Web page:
Tag Archives: Mosaic Stadium

The New Arrowhead Stadium

Despite being a Denver Broncos fan since I was a kid, I have always loved the look of Arrowhead Stadium (as well as a huge fan of Hank Stram).  While I like to cheer against the Chiefs, I have always wanted to go and see a game there.  Now that I have seen what they have done in refurbishing Arrowhead, I want to go even more. 

While I am not a big fan of Mosaic Stadium, it would be great to see some of these ideas incorporated into a refurbishment of Edmonton’s Commonwealth Stadium, which I have long considered one of the great stadiums in North America.

The Regina Dome

The Carrier Dome

CBC is quoting the NDP in saying that a new domed stadium would cost $600 million and I can’t see it as Ford Field only cost $430 million and is twice the projected size but whether or not they are right or wrong, I am not sure a dome stadium is a good idea for Regina or Saskatchewan. 

  • In a good season, the Saskatchewan Roughriders play 11 home games.  I can see the Riders fill a small Carrier Dome type stadium with 40,000 people for 10 of those games (one is a home exhibition game).  The University of Regina Rams would play four games a year there but in front of crowds that may not pay for the cost of opening the building so I won’t mention that.
  • Mosaic Stadium is not a nice stadium and I can’t envision a scenario where you could renovate it and bring it up to standards that Rider Nation deserves and wants.  We don’t want a lot but Mosaic Stadium offers even less.
  • There would be some more top flight concerts but how many bands can fill a stadium that big?  Three or four a year?  I bet it is closer to one or two after the original rush.
  • There would be some conferences but Regina is no Las Vegas.  How many conferences or trade shows will need that much capacity and Regina doesn’t have a lot of excess rooms already.

As a football fan, I prefer open air stadiums.  Yes playoff games in Regina are horrible to play in and attend but so are games at Lambeau Field, Commonwealth Stadium, McMahon Stadium, Gillette Stadium and a lot of other cold weather venues.  While Mosaic Stadium is a horrible place to be when it is cold, it is amazing to be outside in the summer.  Like BC Place, while you gain something in the fall, you lose something in the summer.  Plus, football is supposed to be played outside.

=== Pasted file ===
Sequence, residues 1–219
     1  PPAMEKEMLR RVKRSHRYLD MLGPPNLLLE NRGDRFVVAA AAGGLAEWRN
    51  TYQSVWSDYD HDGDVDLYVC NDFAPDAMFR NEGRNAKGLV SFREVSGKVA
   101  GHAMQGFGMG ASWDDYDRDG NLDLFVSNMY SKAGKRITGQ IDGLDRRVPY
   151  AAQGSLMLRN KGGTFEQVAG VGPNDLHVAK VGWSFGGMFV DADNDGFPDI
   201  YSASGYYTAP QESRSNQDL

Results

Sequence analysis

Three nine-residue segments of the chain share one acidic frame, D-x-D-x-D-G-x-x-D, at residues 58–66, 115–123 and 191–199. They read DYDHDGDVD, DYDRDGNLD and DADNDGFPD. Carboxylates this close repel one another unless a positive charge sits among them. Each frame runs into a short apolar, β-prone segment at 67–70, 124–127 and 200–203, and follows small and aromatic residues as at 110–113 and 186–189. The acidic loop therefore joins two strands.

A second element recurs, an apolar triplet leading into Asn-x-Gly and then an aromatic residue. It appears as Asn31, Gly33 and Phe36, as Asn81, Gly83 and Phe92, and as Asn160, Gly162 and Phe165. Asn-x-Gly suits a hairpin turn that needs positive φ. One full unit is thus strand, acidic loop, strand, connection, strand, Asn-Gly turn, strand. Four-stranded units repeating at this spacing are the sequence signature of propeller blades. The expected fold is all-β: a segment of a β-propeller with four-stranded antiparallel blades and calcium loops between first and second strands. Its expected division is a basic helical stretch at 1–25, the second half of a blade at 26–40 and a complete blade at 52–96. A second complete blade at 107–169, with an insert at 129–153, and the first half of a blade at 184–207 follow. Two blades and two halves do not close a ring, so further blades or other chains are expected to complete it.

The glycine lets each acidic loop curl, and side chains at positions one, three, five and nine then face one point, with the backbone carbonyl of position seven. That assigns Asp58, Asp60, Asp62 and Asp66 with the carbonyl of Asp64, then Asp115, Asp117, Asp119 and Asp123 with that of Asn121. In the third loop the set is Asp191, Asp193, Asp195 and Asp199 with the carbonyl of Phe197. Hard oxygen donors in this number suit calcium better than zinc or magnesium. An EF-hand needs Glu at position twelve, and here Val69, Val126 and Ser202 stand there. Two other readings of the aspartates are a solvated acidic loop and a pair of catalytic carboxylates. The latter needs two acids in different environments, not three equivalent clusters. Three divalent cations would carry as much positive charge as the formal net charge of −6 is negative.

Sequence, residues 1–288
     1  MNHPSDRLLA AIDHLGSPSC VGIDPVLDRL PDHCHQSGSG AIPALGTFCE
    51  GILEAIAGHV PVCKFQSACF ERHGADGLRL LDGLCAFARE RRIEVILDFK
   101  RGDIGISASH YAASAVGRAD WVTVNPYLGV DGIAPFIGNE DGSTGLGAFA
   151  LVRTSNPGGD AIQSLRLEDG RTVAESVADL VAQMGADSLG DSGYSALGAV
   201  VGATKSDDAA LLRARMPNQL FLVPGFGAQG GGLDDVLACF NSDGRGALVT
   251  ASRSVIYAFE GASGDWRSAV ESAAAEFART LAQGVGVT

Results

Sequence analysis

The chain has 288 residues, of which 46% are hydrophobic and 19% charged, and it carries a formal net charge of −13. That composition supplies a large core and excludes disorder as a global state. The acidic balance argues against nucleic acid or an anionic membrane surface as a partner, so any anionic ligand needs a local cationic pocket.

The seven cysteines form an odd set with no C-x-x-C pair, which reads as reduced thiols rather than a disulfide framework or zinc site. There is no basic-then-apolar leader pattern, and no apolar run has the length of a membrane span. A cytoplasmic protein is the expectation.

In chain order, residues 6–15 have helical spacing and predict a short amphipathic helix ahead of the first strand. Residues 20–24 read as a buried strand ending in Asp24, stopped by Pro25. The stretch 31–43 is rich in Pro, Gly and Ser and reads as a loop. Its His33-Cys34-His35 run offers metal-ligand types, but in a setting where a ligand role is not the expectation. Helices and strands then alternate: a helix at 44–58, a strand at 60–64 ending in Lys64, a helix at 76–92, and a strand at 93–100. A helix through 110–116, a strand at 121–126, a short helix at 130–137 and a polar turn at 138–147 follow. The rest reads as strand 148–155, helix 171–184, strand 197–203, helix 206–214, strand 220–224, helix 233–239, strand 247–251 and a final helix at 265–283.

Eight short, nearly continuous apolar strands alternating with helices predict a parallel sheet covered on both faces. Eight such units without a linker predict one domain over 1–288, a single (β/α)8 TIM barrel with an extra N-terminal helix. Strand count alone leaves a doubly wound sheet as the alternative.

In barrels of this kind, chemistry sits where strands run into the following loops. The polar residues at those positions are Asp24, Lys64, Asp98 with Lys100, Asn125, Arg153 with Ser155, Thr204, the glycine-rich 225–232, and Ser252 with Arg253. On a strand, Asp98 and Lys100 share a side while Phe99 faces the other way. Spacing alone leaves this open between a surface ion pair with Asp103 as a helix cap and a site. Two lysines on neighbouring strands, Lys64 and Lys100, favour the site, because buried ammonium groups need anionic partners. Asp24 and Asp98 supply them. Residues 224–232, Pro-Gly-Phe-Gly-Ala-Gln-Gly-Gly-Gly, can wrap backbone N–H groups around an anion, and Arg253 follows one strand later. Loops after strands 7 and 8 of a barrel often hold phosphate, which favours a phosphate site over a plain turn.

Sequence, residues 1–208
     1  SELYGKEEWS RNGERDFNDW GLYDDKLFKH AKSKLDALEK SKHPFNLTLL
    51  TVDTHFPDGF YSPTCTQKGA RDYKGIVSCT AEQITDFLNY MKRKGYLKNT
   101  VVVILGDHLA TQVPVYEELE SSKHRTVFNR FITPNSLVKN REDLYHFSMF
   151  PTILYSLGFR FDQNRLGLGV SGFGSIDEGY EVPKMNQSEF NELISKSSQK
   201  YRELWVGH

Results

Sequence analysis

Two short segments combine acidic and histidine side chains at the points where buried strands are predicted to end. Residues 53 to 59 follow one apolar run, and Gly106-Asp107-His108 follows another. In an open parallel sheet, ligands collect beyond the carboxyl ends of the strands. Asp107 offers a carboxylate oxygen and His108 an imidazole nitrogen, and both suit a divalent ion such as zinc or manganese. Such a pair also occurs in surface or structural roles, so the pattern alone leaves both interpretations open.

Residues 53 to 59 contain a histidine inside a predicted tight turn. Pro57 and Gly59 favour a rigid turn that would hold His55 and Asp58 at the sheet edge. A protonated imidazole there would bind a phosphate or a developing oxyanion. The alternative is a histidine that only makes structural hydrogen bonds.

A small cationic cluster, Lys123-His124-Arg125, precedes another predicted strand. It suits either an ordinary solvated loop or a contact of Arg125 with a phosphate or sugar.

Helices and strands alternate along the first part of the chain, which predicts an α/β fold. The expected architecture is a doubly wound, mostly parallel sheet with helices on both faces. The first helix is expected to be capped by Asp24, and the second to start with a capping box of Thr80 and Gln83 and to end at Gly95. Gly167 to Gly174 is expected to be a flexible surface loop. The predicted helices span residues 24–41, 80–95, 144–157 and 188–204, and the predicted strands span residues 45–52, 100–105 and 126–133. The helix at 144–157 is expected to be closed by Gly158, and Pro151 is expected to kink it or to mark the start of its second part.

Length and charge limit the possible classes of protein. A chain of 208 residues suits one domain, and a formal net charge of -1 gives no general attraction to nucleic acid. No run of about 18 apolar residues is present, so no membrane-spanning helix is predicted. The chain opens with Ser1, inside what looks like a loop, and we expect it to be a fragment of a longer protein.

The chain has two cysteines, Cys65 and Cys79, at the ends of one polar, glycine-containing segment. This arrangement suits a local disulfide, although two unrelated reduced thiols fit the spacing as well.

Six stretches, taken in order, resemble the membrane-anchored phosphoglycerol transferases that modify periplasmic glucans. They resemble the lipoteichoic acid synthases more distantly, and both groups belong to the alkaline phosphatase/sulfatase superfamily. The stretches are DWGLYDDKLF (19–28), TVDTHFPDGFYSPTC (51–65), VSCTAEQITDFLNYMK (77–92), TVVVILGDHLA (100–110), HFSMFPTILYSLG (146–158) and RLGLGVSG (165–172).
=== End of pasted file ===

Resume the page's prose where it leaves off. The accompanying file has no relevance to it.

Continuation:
As a taxpayer, I am not so worried about the capital costs as I am about the ongoing operating costs.  Cities infatuations with domed stadiums seems a lot shorter than with traditional stadiums (anyone screaming to replace Notre Dame Stadium (built in 1930) or Wrigley Field (built in 1914, last cleaned in 1919), while how’s that abandoned Silverdome (built in 1973, kicked to the curb in 2008) doing?  Domed stadiums have not aged well compared with open air ones and tend to be big financial sinkholes, if you doubt me, I have two words and one link for you, Olympic Stadium (which seemed like a brilliant idea at the time).

If I was calling the shots on this, I would proceed slowly with the hope of building a stadium that stands the test of time rather than something that barely makes 30 years before the call for replacing it begins.

One year later

A friend of mine asked me the other day if we had any regrets about purchasing our cabin last summer.  The discussion revolved around the size, the restrictions on use, and the idea of the being permanently anchored to one place for vacation.

The Size

There are four of us using under 300 square feet.  As you can imagine, it is a bit crowded with three beds, four people, and two dogs.

Instead of planning any addition, we are working at adding some outside space.  The gazebo will feature two resin Adirondack and two Cape Cod chairs along with a small coffee table.  The cabin isn’t insulated which means that it gets pretty warm in the summer.  We added a dual action window fan which makes a big difference in cooling down the cabin at night but the gazebo is where we plan to spend our evenings.

For the mornings, we are adding a small patio in the front.  We had talked about building a full deck but we settled on paving blocks.  The patio won’t be any larger than enough space to put a bistro table and two chairs out front.  I know that doesn’t leave Oliver and Mark with a chair but we won’t worry about that until they star drinking tea and coffee to start out their morning.  Plus, it may not be the worse thing to have a portion of the property that is for adults, at least for part of the day.